Cyber criminals are targeting government agencies with phishing messages containing a dangerous Java remote access tool (RAT).
Symantec researcher Andrea Lelli reported uncovering the threat, confirming that the messages are designed to entice government workers to download the attachments by masquerading as news announcements and messages about the PRISM scandal.
"We recently came across an attack campaign which looked quite unusual compared to the standard attacks normally seen in the wild. This campaign is targeting government agencies by sending phishing emails with a malicious attachment. Nothing new so far, except for one thing: the malicious payload is a Java remote access tool (RAT)," wrote Lelli on a company blog.
"As we all know, cyber criminals tend to use recent hot media topics to entice users. In the case of this campaign they are using the recent news coverage surrounding the NSA surveillance programme PRISM."
Lelli highlighted the use of the RAT as particularly troubling, as it grants the attackers several advanced powers over compromised machines. "This applet is a RAT named jRat, it is available for free and Symantec detects it as Backdoor.Jeetrat. This threat can give full control of the compromised computer to a remote attacker," wrote Lelli.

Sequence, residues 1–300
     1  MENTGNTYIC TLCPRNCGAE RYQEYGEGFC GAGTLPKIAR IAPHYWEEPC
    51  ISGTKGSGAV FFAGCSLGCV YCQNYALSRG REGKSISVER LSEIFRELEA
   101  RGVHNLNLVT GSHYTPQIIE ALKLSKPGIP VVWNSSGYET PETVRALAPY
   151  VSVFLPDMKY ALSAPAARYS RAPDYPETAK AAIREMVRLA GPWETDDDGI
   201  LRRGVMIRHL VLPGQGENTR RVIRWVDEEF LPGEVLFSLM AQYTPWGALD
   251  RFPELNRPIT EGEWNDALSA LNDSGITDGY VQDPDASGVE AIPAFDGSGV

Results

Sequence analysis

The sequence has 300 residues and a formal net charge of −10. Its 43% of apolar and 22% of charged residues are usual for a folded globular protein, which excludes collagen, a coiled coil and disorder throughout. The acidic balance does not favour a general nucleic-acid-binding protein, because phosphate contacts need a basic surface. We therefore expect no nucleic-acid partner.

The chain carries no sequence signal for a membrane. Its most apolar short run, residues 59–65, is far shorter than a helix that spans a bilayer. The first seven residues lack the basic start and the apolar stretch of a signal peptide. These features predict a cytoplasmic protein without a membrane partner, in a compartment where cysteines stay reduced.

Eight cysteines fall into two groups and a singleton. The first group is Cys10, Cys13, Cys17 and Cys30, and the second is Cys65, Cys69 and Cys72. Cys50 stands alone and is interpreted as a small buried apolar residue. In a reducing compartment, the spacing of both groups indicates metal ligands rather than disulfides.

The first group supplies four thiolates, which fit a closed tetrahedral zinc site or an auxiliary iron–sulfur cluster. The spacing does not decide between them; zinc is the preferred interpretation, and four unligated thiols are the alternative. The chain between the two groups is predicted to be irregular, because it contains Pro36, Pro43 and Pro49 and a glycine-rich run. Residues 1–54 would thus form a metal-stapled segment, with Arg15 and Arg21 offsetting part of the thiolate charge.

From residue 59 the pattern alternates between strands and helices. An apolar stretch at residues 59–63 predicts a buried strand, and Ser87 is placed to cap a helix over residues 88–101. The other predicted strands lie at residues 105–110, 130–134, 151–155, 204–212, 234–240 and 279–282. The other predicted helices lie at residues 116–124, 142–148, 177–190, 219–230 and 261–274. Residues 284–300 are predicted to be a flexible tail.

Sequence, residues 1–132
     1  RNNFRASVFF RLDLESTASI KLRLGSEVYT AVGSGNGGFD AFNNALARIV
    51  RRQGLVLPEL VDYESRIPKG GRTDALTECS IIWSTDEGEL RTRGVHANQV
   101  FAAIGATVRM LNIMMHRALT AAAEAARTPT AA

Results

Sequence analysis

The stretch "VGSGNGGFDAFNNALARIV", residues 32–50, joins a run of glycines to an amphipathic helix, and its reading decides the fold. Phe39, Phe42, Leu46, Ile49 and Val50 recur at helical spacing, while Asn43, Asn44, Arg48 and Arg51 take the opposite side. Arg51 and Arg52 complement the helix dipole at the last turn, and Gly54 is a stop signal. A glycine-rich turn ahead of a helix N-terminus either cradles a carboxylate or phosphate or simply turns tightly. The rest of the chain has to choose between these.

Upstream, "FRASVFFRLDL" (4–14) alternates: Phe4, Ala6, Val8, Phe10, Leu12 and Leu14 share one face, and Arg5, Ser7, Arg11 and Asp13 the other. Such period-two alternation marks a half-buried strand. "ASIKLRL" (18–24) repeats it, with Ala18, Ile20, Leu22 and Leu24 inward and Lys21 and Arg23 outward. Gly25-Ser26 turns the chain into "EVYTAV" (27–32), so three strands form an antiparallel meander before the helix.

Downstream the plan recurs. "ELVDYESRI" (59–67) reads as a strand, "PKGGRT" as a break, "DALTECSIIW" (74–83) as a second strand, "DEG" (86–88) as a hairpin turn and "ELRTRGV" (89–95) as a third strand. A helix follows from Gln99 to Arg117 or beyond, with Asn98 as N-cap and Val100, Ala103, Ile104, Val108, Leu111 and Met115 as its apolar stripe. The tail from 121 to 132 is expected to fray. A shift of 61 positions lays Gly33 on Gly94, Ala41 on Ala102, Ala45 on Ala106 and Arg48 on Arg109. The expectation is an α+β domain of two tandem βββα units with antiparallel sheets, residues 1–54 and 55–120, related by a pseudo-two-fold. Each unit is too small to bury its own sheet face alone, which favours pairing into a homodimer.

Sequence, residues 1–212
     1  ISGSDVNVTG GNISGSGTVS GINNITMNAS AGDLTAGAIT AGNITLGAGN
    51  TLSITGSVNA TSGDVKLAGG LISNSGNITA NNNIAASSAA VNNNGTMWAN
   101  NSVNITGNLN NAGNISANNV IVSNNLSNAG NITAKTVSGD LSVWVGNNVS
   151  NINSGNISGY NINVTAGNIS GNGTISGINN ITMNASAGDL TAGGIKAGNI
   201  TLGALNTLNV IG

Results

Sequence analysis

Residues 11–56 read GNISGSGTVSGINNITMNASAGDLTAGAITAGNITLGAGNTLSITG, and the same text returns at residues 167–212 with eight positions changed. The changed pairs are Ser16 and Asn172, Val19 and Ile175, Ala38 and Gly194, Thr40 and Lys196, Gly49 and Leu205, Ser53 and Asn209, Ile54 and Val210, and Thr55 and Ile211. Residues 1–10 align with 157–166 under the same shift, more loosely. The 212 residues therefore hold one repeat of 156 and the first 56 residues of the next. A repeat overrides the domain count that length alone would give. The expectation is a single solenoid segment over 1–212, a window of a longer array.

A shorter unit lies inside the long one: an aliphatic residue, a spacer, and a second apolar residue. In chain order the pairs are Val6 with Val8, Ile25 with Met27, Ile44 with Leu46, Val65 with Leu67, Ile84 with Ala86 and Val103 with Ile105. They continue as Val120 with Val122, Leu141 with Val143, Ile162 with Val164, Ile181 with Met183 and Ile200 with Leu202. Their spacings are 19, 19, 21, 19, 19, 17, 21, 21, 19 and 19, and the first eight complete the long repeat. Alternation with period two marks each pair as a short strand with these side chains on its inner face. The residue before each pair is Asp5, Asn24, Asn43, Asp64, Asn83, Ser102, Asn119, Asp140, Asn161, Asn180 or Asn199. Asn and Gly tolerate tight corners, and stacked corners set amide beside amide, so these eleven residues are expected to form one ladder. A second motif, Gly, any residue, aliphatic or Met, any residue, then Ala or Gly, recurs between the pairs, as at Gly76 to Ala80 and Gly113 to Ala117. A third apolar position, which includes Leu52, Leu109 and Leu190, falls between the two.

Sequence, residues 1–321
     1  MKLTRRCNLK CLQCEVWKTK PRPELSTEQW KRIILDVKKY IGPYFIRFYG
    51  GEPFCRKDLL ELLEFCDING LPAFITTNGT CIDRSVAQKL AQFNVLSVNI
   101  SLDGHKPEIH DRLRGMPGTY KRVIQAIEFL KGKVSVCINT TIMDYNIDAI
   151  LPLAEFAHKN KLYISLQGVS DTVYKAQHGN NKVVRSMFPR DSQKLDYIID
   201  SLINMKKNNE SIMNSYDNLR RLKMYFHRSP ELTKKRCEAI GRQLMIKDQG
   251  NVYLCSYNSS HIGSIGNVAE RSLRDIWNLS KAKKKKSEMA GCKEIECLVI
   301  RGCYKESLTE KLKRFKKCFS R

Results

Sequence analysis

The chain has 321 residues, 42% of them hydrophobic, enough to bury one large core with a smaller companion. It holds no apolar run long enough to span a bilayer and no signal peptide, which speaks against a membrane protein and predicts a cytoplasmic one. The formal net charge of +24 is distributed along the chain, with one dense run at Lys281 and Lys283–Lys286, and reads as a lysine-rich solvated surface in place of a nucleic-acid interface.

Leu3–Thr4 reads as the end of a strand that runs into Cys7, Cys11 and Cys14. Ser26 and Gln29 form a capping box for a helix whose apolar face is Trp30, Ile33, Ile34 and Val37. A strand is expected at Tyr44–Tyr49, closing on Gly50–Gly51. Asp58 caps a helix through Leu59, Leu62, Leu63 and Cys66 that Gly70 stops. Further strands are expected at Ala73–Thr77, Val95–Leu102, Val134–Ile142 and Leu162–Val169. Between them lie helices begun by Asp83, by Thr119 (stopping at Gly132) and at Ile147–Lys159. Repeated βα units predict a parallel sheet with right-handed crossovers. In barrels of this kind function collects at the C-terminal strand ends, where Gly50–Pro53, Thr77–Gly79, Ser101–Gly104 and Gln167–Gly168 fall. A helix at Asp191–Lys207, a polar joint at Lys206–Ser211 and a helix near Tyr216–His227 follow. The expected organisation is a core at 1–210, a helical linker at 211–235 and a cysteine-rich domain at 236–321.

"More importantly, because it is a Java applet the threat is able to run on multiple operating systems, not just Windows. In fact, the threat has a builder tool that allows you to build your own customised versions of the RAT, and we can see that when it comes to the targeted operating systems, the choice is very broad."
The Symantec researcher said the malware used is a modified version of one used in a previously detected attack. "This malicious RTF document exploits the Microsoft Windows Common Controls ActiveX Control Remote Code Execution Vulnerability (CVE-2012-0158), detected by Symantec as Bloodhound.Exploit.457," wrote Lelli.
"The attack has been simplified as it does not involve the use of an exploit, nor an executable shellcode/payload, but simply relies on a Java applet. Nonetheless, it is no less dangerous than the older attacks and it can spread more easily since exploits are usually limited to work on specific versions of the vulnerable software and operating system, while this RAT can spread on any system where Java runtime is installed. In fact, not only has the attack been simplified, but it has also become more stable and more virulent, it is a big upgrade."
Despite the troubling news Lelli confirmed there are protection tools available that can ward off the attack. "While this new attack is a little unusual, it can be detected and blocked like older ones. We advise our customers to update their definitions and to be very cautious when receiving suspicious emails," wrote Lelli.
The RAT is one of many evolved cyber attacks targeting UK networks. Most recently Olympic cyber security head Oliver Hoare revealed hackers targeted the electricity grid powering the London 2012 Olympics stadium on the eve of the opening ceremony.
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